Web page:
Take a break from South Carolina sales tax in August (update)

Flickr user mattimattila

Updated August 7: The tax-free weekend is well under way.  

The Island Packet has a report about some of the tax-free action happening around the county this weekend (read that here.)

As for us, we've been dodging the crowds for the time savings factore (but we don't have kids either) — how about you?

Reported July 16: Attention, shoppers! South Carolina's 12 annual Sales Tax Holiday weekend is only a few weeks away, beginning at 12:01 a.m. on August 5th and continuing until midnight on August 7th.

That's right--if you're in need of back-to-school supplies, clothes, computers, housewares, or just about anything else that normally comes with our state's 6% sales tax, make sure that you take advantage of the Sales Tax Holiday and save.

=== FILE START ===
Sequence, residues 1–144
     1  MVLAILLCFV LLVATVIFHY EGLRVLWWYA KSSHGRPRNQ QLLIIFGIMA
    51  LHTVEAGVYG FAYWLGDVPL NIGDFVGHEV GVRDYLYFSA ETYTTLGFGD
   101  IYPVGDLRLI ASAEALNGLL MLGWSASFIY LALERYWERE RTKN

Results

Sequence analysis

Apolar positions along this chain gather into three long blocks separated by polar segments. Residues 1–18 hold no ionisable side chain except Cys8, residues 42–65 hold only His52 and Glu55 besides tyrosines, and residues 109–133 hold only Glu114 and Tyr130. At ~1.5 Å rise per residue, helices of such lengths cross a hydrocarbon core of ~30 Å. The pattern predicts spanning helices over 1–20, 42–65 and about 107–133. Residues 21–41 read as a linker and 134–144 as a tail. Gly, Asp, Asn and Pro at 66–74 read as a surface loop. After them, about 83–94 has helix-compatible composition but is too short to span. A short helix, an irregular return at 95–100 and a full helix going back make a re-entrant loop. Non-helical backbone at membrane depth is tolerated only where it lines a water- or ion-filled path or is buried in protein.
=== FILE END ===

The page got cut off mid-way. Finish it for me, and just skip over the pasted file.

The official reason for the tax holiday is to give shoppers the chance to save on their back-to-school needs. However, you don't have to have kids or be in school to take advantage of the sales tax savings.

But be aware: The holiday doesn't apply to everything, including jewelry, eyewear, watches, cosmetics, clothing or shoe rentals, wallets, items placed on layaway, items for use at a business, or furniture.

As a rule of thumb, if the item could in any way be conceived to be used by a student, it will qualify for the sales-tax break (computers, sheets, shoes, pens; but not cookware, jewelry, and greeting cards). But, a few things you might expect to be on sale won't be, (i.e. Golf clubs, no; Capri pants, yes). The list of discounted items remains the same as last year.

full list of the exempt and non-exempt items as well as answers to some oft-asked questions is available on SCTax.org. North Carolina and Tennessee also hold their sales tax holidays the same weekend — Georgia has once again canceled their weekend.

And if you're not a crowd-lover, know this: The tax-free weekend is the third business time of the year to shop...so it's sure to be a little chaotic out there.

According to a survey done by the National Retail Federation, the average family will spend some $606.40 -- and at a 6% tax that's some $36 in savings.